Today a joint media briefing was organized by civil society organizations including Pakhtunkhwa Civil Society Network (PCSN), Tribal NGOs Consortium (TNC), FATA Commission for Human Rights, Civil Society Joint Working Group, Partners for Prevention and Response (p4RR), EVAWG Alliance Members, TransAction, National Action Coordination Group and Pakistan National Human Rights Defenders Network (PHRDN).
The Civil Society organization demanded that the Federal Government should adopt Protection Policy for Human Rights Defenders (HRDs). In 2012 Universal Periodic Review (UPR), Brazil provided a recommendation for Pakistan to consider establishing a national policy of protection of human rights defenders. While Denmark recommended that Pakistan should develop a national policy for the protection of human rights defenders, and should bring to justice all perpetrators of attacks on or threats against human rights defenders to combat impunity.
The adoption of this policy will mean that the government of Pakistan acknowledges the important role played by civil society in helping them ensure full respect for human rights, fundamental freedoms, democracy and the rule of law. In the legal and political context of Pakistan, a protection policy in Pakistan in line with the Declaration on Human Rights Defenders is necessary to bridge the gap between international standards accepted by states and the domestic realities faced by defenders.
The speakers said that Human rights defenders play a vital role in democratic societies. The active involvement of people, groups, organizations and institutions is essential to ensure continuing progress towards the fulfillment of international human rights. Civil society – among others – assists states to ensure full respect for human rights, fundamental freedoms, democracy and the rule of law. Accordingly, human rights defenders perform important and legitimate functions in democratic societies. State authorities should respect that dissenting views may be expressed peacefully in democratic societies and should publicly acknowledge the important and legitimate role of human rights defenders.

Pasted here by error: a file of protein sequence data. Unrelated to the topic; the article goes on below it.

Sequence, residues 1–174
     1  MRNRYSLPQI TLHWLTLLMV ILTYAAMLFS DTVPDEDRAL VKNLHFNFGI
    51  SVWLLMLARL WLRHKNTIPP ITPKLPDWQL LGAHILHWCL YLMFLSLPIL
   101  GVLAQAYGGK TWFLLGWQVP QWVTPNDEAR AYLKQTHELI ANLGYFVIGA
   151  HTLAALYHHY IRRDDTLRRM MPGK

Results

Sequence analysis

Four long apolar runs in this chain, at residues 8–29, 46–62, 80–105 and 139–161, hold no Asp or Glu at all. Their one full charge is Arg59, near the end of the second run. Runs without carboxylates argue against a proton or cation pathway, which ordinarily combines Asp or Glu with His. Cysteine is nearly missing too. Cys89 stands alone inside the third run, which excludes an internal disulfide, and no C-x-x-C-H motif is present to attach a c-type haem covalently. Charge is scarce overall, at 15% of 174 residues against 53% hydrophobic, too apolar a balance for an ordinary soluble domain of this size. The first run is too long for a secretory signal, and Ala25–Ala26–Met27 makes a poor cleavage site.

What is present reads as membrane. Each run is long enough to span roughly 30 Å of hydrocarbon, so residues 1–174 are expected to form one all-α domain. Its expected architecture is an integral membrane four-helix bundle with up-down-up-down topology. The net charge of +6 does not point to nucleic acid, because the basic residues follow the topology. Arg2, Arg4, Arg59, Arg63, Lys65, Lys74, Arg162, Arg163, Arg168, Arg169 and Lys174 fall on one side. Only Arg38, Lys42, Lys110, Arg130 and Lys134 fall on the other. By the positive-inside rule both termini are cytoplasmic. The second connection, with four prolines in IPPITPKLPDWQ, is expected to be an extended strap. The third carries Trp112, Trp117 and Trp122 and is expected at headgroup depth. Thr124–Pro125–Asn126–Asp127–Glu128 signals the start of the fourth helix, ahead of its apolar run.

Qamar Naseem a Human Rights Activist said “National Human Rights Institutions (NHRIs) should effectively use their promotion and protection mandates to protect the legitimate and lawful interests of HRDs, and to intervene in the interest of defenders who may fall victim to human rights violations. He demanded from NHRIs to establish focal points on human rights defenders and ensure that they are adequately resourced and actively collaborate with all human rights defenders, and give special attention to human rights defenders facing increased risks”
Zar Ali Khan, Chairman of FATA Commission of Human Rights. said “Pakistan’s civil society d is committed to continue struggle for defending and protecting citizens’ fundamental rights, empowered citizenship and strengthening of a democratic space based on the premises of participation, inclusivity and accountability.
Taimur Kamal, Coordinator of Pakhtunkhwa Civil Society Network (PCSN), said “There can be no guarantee of fundamental freedoms or human rights in a country where human rights defenders continue to be persecuted for their work”
Radish Tony a minority rights activist said, “State must adopt effective measures to prevent violations of the rights of HRDs and, where necessary, address the harm suffered by the activists and refrain from criminalizing or taking other adverse actions against these rights defenders, including reprisals and restrictions”.
Farzana Jan, a transgender rights activist, said “Governments, both at Provincial and National level, must engage in dialogue and consultation with human rights defenders, and publicly recognize and support their work through communication and information campaigns”.
The Civil Society alliances reaffirmed that they will continue to collaborate with national, regional and UN human rights mechanisms to prevent and respond to human rights violations perpetrated against human rights defenders and will develop innovative approaches in order to involve the general public, all branches of government and other opinion leaders, including the media in the work of human rights defenders.
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